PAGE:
Monday, June 8, 2015

"Slacktivism" IS Activism

It should be no surprise by now that I'm a geek. 

As such, I have on rare occasion attended the geek equivalent of a mass: a convention. Or "con" as it is often referred to within the culture. I still get updates on the con season and was quite dismayed to learn that a woman had been subject to harassment and assault at a convention in Atlanta. Management and security at the convention told her it was because her cosplay was too revealing. I was quick to post my opinion that no outfit that anyone wears is ever any justification for them to be touched inappropriately or otherwise harassed.

Replies to my thoughts were likewise quick:

"Dude, she's not going to [have sex with] you just because you're defending women on the internet."

"Quit making this political."

"You're just a Social Justice Warrior."

"Quit being/you're just being a slacktivist,"

That last one sticks with me. The definition of the slang term "slacktivism", as found in Urban Dictionary, is "participating in obviously pointless activities as an expedient alternative to actually expending effort to solve a problem." 

While I can understand the word's genesis, I am often resentful of its misapplication. Here's why:

-There is a long list of problems in the world. Extreme poverty, gender and racial inequality, torture at home and abroad, animal rights, and the increasing damage done to our environment. No one person or even a single group of people can handle everything on that list. That, however, is not an invitation to apathy. Even if there is nothing that someone may be able to do in the immediate, that does not bar them from having a voice.

-What is often slapped as "slacktivism" is someone discussing these very problems. Awareness of the issues is essential as is keeping the topics circulating in the urbane discourse of the marketplace of ideas. For example, I would not have known of the thousands of people tortured and killed in Nigeria had activists in Amnesty International not alerted the world. I would not have known about the horrific treatment of the cosplayer had I not read someone else taking a stand against it. That leads me to...

-We need to end the bystander effect. What we permit is what will continue. If no one speaks to defend someone such as the aforementioned cosplayer, then nothing will change. We need to make all around us aware that we will not stand for injustice. If you hear of an injustice, no matter how far from you, speak. It is a responsibility. It may feel or even appear that you're one voice piling on in a crowd but that chorus is necessary. That's how change comes about: when enough people care. If we want to change something like the misrepresentation of women in Congress, a culture must first be fostered where such a misrepresentation is not permissible.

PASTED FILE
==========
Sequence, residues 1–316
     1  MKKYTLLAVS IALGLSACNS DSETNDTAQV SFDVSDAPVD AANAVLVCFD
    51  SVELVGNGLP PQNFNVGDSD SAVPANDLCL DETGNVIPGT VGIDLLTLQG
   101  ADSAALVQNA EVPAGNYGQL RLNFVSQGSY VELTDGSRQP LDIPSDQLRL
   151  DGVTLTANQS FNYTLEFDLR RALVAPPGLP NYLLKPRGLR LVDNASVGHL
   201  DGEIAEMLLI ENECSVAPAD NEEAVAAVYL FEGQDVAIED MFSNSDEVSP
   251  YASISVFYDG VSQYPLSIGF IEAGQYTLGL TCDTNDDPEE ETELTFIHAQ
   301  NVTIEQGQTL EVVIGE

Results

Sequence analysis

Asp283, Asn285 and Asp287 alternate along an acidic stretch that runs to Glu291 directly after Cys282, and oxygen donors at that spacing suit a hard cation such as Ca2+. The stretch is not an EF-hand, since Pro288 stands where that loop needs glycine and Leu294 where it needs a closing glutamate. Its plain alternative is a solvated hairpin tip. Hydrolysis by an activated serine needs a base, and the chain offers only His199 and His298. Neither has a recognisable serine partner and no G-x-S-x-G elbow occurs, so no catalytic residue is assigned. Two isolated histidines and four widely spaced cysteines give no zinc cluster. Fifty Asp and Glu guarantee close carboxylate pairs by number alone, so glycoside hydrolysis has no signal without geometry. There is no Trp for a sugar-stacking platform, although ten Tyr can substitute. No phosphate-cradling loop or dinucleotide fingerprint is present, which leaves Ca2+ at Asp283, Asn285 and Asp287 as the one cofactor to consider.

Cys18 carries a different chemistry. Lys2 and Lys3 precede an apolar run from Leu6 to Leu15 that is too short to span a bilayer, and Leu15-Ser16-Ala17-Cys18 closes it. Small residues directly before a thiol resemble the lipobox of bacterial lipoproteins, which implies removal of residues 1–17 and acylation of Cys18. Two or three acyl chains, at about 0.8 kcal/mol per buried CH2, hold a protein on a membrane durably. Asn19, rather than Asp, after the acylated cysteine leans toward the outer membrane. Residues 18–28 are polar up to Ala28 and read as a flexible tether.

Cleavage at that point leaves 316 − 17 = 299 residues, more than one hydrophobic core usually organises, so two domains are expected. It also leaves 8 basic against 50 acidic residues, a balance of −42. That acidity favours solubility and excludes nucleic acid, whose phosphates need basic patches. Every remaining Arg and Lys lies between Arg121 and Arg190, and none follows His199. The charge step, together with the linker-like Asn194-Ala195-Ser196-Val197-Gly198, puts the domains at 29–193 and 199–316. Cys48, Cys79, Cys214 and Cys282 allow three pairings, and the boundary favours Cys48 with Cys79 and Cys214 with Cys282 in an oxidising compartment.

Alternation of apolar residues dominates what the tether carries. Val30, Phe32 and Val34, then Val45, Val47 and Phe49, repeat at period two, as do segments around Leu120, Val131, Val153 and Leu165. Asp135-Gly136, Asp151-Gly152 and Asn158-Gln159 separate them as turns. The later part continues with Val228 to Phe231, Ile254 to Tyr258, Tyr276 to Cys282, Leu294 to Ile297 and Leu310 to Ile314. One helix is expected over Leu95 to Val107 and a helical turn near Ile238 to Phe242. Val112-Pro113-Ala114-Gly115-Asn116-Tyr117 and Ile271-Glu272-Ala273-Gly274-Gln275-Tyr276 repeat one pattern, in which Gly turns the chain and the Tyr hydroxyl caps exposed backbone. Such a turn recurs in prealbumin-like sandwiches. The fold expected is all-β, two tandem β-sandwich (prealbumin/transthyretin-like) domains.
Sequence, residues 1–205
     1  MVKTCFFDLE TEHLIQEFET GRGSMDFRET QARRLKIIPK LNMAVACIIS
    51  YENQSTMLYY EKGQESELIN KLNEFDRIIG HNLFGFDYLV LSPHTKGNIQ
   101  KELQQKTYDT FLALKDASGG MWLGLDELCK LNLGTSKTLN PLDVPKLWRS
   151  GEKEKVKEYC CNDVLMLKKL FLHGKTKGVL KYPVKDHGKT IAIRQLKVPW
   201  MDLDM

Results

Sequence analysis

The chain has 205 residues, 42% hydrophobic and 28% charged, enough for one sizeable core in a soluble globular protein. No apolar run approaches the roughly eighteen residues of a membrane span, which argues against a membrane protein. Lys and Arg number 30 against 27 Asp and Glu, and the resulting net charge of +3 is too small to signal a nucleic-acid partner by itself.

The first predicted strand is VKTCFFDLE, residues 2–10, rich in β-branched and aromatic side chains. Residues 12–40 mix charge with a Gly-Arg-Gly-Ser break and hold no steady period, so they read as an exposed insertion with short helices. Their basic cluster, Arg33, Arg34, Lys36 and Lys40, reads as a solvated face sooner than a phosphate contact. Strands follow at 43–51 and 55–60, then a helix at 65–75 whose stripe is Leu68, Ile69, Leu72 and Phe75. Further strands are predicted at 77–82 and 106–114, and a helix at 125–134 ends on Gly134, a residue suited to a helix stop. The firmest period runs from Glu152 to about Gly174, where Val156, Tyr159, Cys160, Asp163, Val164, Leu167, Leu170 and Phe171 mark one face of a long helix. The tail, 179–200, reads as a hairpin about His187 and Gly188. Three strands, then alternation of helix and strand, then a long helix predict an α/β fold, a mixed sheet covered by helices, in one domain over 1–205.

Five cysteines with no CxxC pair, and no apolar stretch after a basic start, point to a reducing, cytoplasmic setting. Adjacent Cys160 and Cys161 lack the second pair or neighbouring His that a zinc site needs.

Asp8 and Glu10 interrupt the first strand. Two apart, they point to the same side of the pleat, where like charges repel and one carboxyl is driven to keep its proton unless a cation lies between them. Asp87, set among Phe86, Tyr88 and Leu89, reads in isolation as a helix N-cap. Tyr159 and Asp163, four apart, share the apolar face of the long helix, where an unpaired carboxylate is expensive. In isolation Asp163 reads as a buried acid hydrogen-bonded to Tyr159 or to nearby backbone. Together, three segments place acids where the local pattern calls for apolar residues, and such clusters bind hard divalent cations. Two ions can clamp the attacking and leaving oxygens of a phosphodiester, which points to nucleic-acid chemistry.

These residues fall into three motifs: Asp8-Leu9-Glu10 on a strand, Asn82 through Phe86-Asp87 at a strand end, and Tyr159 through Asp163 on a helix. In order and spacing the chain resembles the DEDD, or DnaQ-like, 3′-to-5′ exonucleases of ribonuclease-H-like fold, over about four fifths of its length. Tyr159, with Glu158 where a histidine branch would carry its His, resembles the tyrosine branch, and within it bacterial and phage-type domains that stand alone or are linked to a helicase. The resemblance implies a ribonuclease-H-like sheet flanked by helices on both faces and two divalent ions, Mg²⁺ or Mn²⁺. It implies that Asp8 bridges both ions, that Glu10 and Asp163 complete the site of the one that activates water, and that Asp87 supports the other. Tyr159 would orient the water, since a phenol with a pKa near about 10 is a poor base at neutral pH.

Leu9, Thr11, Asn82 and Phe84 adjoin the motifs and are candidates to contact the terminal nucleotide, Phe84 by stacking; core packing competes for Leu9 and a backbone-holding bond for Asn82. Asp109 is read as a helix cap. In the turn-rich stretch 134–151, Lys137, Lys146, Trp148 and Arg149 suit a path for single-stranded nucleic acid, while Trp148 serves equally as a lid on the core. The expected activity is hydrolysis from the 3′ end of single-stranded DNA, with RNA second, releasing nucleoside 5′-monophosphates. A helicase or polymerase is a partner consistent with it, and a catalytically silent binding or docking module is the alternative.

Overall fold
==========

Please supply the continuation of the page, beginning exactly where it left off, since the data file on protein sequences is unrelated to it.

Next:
-Of course one should act but remember the phrase "think globally, act locally?" Before someone is chastised as a "slacktivist," it should be known for certain that they really are doing nothing. Climate change is the most critical issue of our time, an existential issue if there ever was one and someone may write or speak about it at length. But before you say "rhetoric is cheap," consider that the speaker might very well be doing all they can. Recycling, reusing, keeping their electrical use low, driving less, and of course keeping people informed on the issue. That is doing something about it. This should also include, of course, contacting political leaders and voting.

And one word about that phrase "quit making this political." It shows both pusillanimity and a startling lack of understanding. One needs to understand that everything is political as everything is an argument. The very demand of "quit making this political" is in itself a political statement. Secondly, the request implies a form of intellectual weakness, of wanting to shoo away a subject so as not to deal with it. Sorry, but we live in times where no thinking person who is concerned about the world can afford to be unengaged and ill-informed. You don't get a free pass.

Then again it might just be easier for a subset of the population to slap the label of "slacktivist" on a voice and then feel assuaged about doing nothing. If that be the case, then I will choose "slacktivism."

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